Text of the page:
CALL it a chip off the old Intel block.
Advanced Micro Devices (AMD) is getting ready to sell a new
computer chip that will compete directly with the popular 80386
microprocessor sold by archrival Intel Corporation.
The AMD chip looks like Intel's 386 chip. It works like a 386.
This week a federal judge is expected to rule whether it can be
called a 386.
The Am386, as it is known, will be the first clone to break into
the huge, $1 billion market that Intel has monopolized for six
years. If sales take off, the new chip could be an important boost
to Advanced Micro Devices (AMD), a struggling semiconductor
manufacturer based in Sunnyvale, Calif.
Sales of the Am386 won't make or break the company, AMD
executives say. "We will just be more prosperous sooner" if it
succeeds, says Ben Anixter, vice president for external affairs. The
company expects to ship the semiconductor soon, certainly by the end
of the first quarter.
"It clearly would be very profitable" for AMD, says James
Barlage, managing director of research for Smith Barney, Harris
Upham & Co.
Microprocessors are the heart of a personal computer (PC). The
386 microprocessor is extremely popular because computer users are
demanding faster and more powerful machines to handle increasingly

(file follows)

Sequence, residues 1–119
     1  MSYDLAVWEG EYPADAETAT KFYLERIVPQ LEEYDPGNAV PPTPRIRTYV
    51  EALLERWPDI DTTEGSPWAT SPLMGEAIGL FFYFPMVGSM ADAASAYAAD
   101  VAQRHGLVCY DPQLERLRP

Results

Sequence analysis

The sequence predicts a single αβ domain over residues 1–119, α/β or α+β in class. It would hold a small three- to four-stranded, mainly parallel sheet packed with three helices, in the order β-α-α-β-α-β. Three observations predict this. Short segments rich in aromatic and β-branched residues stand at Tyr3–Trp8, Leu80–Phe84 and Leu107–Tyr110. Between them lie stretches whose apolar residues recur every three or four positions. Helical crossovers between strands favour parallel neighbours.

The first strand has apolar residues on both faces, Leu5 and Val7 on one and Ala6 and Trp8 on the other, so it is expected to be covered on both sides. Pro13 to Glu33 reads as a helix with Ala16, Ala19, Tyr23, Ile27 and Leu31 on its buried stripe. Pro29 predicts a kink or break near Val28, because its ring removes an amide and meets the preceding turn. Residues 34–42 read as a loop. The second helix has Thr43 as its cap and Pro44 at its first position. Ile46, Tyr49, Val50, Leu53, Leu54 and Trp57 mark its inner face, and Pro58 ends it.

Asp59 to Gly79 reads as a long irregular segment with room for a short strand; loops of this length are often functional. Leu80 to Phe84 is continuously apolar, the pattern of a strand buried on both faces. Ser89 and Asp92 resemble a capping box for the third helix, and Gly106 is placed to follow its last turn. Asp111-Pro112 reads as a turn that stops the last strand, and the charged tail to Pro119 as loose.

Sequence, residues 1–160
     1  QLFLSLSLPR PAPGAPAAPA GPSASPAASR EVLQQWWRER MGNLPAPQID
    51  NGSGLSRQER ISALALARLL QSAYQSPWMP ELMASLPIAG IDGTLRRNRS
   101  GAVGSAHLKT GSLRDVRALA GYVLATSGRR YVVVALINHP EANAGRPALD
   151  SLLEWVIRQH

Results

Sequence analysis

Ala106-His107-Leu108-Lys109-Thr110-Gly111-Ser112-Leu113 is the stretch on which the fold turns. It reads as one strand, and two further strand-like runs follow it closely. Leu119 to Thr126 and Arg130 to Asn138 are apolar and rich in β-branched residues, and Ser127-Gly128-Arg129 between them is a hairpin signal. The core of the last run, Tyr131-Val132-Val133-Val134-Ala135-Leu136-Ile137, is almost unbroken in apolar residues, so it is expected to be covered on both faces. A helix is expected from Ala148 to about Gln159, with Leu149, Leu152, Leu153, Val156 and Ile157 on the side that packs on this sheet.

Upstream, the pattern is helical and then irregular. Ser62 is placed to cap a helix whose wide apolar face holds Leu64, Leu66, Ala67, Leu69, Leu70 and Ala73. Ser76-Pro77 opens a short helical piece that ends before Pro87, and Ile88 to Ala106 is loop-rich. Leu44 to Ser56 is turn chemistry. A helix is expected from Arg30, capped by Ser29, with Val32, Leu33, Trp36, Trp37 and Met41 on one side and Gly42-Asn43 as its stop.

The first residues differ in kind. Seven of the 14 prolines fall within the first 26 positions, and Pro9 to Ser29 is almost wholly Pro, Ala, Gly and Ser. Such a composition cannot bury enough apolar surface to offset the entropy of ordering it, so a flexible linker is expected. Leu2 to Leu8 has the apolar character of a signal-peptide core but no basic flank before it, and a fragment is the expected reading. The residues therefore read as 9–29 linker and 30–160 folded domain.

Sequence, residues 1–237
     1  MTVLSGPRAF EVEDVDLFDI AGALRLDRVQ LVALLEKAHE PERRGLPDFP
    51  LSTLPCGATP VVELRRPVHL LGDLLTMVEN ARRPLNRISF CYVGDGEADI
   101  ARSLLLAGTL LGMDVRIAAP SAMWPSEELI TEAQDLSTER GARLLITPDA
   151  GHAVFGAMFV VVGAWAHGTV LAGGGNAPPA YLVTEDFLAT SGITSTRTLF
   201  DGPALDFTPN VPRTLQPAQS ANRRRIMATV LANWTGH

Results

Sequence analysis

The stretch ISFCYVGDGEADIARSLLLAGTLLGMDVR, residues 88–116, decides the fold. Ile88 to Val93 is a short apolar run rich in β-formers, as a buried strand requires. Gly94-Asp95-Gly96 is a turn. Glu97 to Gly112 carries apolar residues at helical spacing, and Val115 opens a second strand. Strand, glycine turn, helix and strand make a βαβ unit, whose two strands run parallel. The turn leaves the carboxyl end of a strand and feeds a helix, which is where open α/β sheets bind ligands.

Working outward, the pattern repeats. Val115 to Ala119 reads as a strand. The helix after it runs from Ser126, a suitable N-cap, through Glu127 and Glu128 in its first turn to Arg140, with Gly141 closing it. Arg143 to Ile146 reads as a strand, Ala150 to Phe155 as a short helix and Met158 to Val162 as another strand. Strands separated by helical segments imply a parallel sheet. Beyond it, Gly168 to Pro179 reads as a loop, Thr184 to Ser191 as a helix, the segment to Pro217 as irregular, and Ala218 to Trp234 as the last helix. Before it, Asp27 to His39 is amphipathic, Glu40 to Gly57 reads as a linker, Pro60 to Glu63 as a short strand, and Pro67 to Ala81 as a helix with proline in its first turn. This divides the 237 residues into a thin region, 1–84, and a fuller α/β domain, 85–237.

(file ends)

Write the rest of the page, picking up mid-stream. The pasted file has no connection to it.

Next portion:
sophisticated software. When Intel introduced its 8088 chip 12 years
ago (which was used in the original IBM PC) it handled 330,000
instructions per second. Intel's next generation 80286 (used in the
IBM AT) handled 2 million instructions per second. Its 80386 is
two-and-a-half times faster still.
Computers built around the 386 have become the standard in the
personal computer industry.
Intel has filed three suits against AMD since the two companies
broke away from an agreement to trade chip technologies. In the case
likely to be decided this week, Intel charges that the name 386 is a
protected trademark that competitors cannot use. Intel has also sued
AMD for using its microcode to build a clone of an earlier Intel
chip. In the third case, an arbitrator has ruled against Intel for
breach of contract. The arbitrator has not yet set damages. Andrew
Grove, Intel's president and chief executive officer, declined to
comment on the legal cases.
Analysts say the microcode suit represents the biggest threat to
AMD, because it might force the company to write its own code for
the chip. But the immediate prospects for AMD are good.
ACCORDING to AMD, customers have already reserved the first six
months' production of the chip. …